Imagine a world where there is no donor organ shortage, victims of spinal cord injuries can walk and weakened hearts are successfully replaced; this is the future of regenerative medicine, as outlined by the National Institute of Health. To obtain the massive promises of this revolutionary treatment option, however, it is necessary to successfully overcome the barriers associated with immune response, which have, to this point, severely hampered the advancement of cell replacement therapies. International Stem Cell Corporation (OTCQB: ISCO), through the continued development of its groundbreaking parthenogenesis stem cell technology, is addressing this limitation, potentially unlocking the door to significant advances in the field of regenerative medicine.
Parthenogenesis utilizes unfertilized human eggs to create pluripotent parthogenetic stem cells (hpSC) that can be immune-matched to millions of people. According to the company’s data, a relatively small number of hpSC lines could provide sufficient immune-matched cells to cover a large percentage of the world’s population, effectively minimizing the effects of autoimmune rejection and allowing for continued research into the massive potential upside of stem cell therapy. Unlike embryonic stem cells, which require the destruction of a human embryo, hpSC treatment also avoids many of the ethical issues commonly associated with stem cell research.
ISCO has identified a collection of potential diseases and conditions that could be effectively treated using its hpSCs, but the company’s leading indication is for the treatment of Parkinson’s disease. According to the National Parkinson Foundation, Parkinson’s disease is the 14th leading cause of death in the United States, and an estimated four to six million people suffer from the condition worldwide. Currently, there is no cure and limited treatment options for the disease, creating a significantly underserved market within the pharmaceutical industry.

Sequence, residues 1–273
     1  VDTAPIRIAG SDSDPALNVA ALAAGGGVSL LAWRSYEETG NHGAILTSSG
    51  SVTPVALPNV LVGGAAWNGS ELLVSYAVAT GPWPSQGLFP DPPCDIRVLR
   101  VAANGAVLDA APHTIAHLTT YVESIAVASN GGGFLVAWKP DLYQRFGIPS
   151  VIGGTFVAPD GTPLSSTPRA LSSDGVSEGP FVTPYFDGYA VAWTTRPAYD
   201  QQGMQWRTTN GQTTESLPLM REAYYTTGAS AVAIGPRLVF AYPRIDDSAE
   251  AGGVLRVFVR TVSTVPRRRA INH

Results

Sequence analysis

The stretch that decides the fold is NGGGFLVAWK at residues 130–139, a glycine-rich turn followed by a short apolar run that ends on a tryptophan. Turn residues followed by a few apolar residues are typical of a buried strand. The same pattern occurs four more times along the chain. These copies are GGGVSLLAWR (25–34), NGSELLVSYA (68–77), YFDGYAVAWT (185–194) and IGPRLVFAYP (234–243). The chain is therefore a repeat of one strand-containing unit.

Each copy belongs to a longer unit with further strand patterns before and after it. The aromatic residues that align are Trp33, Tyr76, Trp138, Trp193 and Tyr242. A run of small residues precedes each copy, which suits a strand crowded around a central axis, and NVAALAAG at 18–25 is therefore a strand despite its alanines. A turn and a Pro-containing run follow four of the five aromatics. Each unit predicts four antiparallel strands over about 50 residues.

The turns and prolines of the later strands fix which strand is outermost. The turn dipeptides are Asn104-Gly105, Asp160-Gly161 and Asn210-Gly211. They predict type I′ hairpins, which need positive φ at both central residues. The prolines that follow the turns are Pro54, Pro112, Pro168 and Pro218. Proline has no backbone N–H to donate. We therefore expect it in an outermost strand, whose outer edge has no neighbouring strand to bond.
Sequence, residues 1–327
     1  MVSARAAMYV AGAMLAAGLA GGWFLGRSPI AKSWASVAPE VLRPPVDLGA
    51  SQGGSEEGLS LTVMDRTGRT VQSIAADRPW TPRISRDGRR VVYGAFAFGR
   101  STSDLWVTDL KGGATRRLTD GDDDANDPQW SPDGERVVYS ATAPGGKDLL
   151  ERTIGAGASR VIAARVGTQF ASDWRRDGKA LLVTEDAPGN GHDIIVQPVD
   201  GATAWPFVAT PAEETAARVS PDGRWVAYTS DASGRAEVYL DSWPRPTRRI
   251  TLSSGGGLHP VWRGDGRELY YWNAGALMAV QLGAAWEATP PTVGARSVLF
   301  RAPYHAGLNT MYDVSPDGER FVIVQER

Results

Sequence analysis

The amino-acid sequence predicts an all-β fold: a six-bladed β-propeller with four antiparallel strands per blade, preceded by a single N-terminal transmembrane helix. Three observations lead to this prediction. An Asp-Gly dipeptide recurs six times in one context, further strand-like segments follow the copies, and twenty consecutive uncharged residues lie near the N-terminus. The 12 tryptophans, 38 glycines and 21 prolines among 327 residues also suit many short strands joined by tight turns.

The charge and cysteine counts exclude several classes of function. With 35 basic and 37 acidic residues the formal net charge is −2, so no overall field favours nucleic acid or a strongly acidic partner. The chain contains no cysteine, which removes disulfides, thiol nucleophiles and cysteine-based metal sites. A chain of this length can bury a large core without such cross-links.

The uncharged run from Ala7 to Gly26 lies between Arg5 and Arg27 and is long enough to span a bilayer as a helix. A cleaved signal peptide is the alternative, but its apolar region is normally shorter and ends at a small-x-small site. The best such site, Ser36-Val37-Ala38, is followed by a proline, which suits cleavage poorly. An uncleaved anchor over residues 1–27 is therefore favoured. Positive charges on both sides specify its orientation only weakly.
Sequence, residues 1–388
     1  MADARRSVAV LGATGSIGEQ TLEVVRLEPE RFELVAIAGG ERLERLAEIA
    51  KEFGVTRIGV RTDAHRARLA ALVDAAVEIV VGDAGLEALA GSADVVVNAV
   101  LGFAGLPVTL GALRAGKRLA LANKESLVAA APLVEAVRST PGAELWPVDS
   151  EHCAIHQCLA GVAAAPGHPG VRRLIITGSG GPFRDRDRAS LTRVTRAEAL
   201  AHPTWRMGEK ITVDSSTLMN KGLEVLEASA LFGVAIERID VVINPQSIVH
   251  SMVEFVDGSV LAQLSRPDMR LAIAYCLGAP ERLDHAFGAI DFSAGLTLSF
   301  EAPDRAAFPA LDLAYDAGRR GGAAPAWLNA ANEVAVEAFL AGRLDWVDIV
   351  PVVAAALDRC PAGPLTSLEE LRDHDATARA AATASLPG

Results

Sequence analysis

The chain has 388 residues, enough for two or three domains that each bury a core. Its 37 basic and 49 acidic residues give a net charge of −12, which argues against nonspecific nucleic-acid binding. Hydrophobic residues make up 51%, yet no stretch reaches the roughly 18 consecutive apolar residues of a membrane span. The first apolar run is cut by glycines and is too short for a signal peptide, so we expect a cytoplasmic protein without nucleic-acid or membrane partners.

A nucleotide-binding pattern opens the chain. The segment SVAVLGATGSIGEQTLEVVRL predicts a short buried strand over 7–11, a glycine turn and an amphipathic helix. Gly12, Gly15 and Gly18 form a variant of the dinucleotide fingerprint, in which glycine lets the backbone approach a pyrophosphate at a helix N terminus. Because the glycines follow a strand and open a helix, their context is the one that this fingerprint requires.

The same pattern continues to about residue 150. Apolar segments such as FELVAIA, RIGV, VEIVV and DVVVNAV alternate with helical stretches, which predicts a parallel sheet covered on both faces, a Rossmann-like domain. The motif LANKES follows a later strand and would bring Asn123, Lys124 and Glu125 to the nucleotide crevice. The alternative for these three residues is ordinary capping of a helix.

“In the first quarter of 2015 we completed all the necessary preclinical studies of our Parkinson’s program and formally submitted our application to begin the first clinical study of this novel approach to treating this debilitating disease in humans,” stated Dr. Andrey Semechkin, Chief Executive Officer of ISCO. “We continue to expect to make significant progress during the rest of 2015 towards our goal of providing a viable treatment option for people with Parkinson’s disease.”
During preclinical studies, ISCO has demonstrated the safety and efficacy of treating Parkinson’s disease symptoms in animals with transplanted human parthenogenetic neural stem cells. Moving forward, the company will seek to begin its Phase I/IIa clinical studies through its wholly-owned subsidiary, Cyto Therapeutics Pty Ltd. For prospective shareholders, ISCO’s continued progression with preclinical and clinical studies makes the company an intriguing investment opportunity in the months to come.
For more information, visit www.internationalstemcell.com
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